The QX10 Archive

The design of the Epson QX10 micro-computer (shown) predates the now ubiquitous PC hurriedly launched by IBM in August 1981. The QX10 was one of many offerings based on the Zilog Z80 microprocessor with the CP/M "operating system".

The QX10 was described as an all business computer system. It had 192K bytes of volatile RAM memory, 2K CMOS battery-backed memory, 640x400 dot monochrome display and two double-sided double-density 5.25" floppy disk drives providing 320K bytes storage capacity per diskette (there was no industry standard diskette format). A "MultiFonts BASIC" interpreter was provided on diskette, and "PeachText" from Peachtree Software provided state-of-the-art word processing.

The QX10 software presented here "front-ended" some wholesalers' mini-computer systems (including BCL Molecular18, Singer System 10, UNIX offerings from Convergent Technology and others) to receive bulk orders electronically via telephone in the pre-internet era. QX10-based systems running this software were in use commercially in the United Kingdom from 1983 to 2001, although I transferred all software development to PCs running MS-DOS in 1989 (due to hardware availability considerations and escalating hard disc capacities).

The QX10 proved to be an excellent choice for the job of picking up customer orders from the telephone system and passing them on to the in-house minicomputer. One was also used from 1985 at the head office of George Staples Ltd. to communicate with early EPOS tills in their chemist shops around Stoke-on-Trent, see the operating manual. These machines just kept on going for year after year of continuous use. I bought a QX10 (with an Epson RX80 dot-matrix printer) for £2,035.50 in August 1984. I didn't succumb to the need to own a PC until March 1987.

The QX10 Source Code

Because the Electronic Order Entry application needed to communicate simultaneously with the in-house minicomputer and with remote customer equipment via the external telephone system, it provided its own multi-tasking environment. Therefore the code did not use any CP/M services and interfaced directly with the QX10 hardware. We kept the software on the left-hand floppy drive A (maintained by standard CP/M utilities) and the order data on the right-hand floppy drive B (using direct sector read/write).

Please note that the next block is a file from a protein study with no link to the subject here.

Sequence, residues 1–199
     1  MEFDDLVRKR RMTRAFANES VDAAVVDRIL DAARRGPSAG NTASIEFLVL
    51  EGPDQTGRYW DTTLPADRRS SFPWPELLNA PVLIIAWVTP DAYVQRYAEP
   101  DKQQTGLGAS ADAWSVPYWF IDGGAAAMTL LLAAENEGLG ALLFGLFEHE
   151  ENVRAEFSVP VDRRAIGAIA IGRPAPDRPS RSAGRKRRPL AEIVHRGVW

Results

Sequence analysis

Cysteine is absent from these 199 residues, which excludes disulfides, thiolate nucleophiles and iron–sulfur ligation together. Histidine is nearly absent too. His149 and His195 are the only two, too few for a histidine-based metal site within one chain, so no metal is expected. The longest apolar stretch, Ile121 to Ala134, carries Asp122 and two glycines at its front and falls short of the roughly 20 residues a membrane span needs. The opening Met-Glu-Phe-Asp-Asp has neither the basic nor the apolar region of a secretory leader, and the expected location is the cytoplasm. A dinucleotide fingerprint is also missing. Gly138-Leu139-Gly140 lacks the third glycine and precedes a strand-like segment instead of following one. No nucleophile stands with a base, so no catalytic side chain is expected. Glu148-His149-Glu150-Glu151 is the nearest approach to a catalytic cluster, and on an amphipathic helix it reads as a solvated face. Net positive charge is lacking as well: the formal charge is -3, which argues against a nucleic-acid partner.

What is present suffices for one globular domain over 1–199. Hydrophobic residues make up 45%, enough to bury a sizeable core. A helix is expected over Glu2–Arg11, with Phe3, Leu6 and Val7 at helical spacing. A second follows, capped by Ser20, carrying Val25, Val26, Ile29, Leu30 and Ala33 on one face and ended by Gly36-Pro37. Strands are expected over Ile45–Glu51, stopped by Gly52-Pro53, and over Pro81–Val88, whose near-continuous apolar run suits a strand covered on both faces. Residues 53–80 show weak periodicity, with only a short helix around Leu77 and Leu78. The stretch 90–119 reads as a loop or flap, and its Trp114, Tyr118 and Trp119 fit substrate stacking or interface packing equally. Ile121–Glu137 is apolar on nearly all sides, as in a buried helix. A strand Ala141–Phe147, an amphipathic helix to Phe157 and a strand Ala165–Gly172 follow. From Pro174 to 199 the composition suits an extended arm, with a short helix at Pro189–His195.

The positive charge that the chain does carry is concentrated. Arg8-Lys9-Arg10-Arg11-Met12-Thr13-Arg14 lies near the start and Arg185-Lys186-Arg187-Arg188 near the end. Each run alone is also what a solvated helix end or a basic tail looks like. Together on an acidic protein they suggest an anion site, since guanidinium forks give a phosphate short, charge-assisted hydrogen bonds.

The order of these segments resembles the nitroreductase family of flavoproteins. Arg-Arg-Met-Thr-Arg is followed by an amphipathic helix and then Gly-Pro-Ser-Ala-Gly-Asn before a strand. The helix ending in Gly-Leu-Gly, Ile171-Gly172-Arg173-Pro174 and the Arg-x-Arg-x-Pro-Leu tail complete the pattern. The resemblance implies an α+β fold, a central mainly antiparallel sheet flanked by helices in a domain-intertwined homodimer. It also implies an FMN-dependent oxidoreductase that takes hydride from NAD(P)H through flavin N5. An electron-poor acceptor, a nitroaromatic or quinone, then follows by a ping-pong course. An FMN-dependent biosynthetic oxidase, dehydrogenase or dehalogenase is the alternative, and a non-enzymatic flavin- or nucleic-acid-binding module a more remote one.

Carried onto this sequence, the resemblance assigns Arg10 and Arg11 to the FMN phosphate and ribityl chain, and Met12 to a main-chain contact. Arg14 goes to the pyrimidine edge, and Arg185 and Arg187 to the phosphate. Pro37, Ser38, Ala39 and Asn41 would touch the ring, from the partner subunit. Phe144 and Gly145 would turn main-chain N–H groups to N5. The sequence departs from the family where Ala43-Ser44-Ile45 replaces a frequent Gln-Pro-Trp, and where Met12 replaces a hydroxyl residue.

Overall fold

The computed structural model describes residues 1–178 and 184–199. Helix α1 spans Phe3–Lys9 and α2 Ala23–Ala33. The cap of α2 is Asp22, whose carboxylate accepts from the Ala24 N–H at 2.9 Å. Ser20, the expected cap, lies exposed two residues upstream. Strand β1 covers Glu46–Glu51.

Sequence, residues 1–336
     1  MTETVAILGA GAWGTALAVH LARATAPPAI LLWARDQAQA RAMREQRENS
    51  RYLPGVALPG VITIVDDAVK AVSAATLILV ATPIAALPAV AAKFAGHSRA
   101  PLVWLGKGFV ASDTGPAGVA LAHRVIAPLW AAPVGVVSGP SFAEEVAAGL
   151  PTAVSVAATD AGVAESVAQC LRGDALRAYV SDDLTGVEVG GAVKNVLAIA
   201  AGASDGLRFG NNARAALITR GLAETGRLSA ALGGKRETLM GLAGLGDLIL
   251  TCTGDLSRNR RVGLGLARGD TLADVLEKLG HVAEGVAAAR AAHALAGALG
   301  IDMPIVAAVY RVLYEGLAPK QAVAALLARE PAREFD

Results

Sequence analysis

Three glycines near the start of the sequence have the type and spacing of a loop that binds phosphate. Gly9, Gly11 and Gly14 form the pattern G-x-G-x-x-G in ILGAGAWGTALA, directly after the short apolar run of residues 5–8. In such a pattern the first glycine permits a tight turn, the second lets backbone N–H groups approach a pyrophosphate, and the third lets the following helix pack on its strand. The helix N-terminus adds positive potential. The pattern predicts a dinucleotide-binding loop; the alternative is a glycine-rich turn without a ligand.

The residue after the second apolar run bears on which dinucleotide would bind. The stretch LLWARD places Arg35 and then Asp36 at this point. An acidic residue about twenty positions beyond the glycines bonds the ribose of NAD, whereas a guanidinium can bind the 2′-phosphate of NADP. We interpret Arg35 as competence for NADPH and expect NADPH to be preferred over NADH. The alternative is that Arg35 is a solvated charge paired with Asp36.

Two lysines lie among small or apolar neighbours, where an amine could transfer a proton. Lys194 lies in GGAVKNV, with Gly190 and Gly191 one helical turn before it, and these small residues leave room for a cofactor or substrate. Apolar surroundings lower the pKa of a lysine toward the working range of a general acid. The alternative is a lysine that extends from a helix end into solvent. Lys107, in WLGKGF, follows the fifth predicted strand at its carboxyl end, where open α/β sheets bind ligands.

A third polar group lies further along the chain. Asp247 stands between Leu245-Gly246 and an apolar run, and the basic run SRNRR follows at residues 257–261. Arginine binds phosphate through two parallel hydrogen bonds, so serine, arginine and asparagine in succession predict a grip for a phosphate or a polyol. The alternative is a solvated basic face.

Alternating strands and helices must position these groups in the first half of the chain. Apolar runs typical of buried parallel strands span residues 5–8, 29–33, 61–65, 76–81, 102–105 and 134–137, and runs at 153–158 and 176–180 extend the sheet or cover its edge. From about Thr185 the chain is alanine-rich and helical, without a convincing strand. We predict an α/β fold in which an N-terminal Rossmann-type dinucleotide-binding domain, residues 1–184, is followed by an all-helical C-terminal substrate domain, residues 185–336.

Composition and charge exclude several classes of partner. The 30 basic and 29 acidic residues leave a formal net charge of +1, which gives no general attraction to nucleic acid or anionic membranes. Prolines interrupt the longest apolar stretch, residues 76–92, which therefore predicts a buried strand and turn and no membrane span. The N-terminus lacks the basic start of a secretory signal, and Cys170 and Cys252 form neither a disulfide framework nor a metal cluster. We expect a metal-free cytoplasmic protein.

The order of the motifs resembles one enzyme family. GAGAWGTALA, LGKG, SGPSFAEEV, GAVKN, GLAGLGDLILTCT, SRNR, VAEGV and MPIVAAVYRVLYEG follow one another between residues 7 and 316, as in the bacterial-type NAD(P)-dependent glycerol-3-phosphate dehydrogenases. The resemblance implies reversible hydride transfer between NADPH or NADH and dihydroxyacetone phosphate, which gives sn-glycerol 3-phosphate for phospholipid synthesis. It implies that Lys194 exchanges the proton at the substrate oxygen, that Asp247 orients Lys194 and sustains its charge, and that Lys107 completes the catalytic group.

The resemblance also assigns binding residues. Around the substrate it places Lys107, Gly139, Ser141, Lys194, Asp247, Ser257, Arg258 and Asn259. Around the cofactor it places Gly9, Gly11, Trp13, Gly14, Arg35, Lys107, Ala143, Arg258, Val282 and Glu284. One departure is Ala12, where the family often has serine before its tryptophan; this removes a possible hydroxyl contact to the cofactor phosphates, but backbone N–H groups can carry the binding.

CP/M provided an 8080 assembler (ASM.COM) and a debugging utility (DDT.COM) as standard. As the QX10 used the more advanced Z80 microprocessor, Z80 specific instructions were simply hand-coded into the source code in hexadecimal as required.

QX10 Memory Map

User Bank 0 (Main)

Base End  
0000h 0FBDh Operating System
1000h 1865h Overlay U: System Utilities
1C00h   Overlay O: Interface Options
  1E95h M18 (Molecular 18)
  1D0Dh SING (Singer System 10)
  1F6Eh CT (Convergent Technology) (uses 84 bytes User Line workspace at 1A00h)
2000h 2795h Task I: Initial Task & Telecomms Controller
2800h 30ABh FLOP : SDA Floppy Disc Transfer (Sales Data Analysis records for Intercontinental Medical Statistics)
3200h 3620h Task R: Reporter
3800h 3BCAh EOE : Electronic Order Entry mainframe interface
4000h 448Eh Task V: VDU Display
4600h 4DE0h Overlay K: Telecomms Utilities
5000h   Mainframe interface overlays
5600h 5800h Customer Message save area (512 bytes)
5800h   Option Overlays:
  59A7h L : List Spooled Transactions
  5A4Eh P : Passwords Print
5C00h 5EACh Overlay T: A2 and A3 Protocol Handler
6000h 635Fh Overlay A: 01 and 02 Protocol Handler
6800h 6E0Fh Overlay H: V1 Protocol Handler
7000h 7520h Overlay G: R1 Protocol Handler
7800h 7C00h Telecomms Input Buffer (1K)
7C00h 7E00h Text Area for current job (512 bytes)
7E00h C000h Data Buffers (256*66 bytes)
B800h BE72h Task E: Mainframe Emulator (overlays top of Data Buffers)

Memory Bank Independent Area

Base End  
E000h   Overlay X: Operating System Utilities


SET.ASM loads text into the Programmable Function Keys.

LAY.ASM converts the .HEX assembler output file to an executable .OVL file. Whilst the CP/M LOAD command (LOAD.COM) similarly converted the .HEX assembler output file into an executable .COM file, LOAD.COM would only work when the code origin was 0100h which was not the case with overlays.

TIME.ASM sets the QX10 clock.

ALARM.ASM sets the QX10 alarm.

The QX10 Archive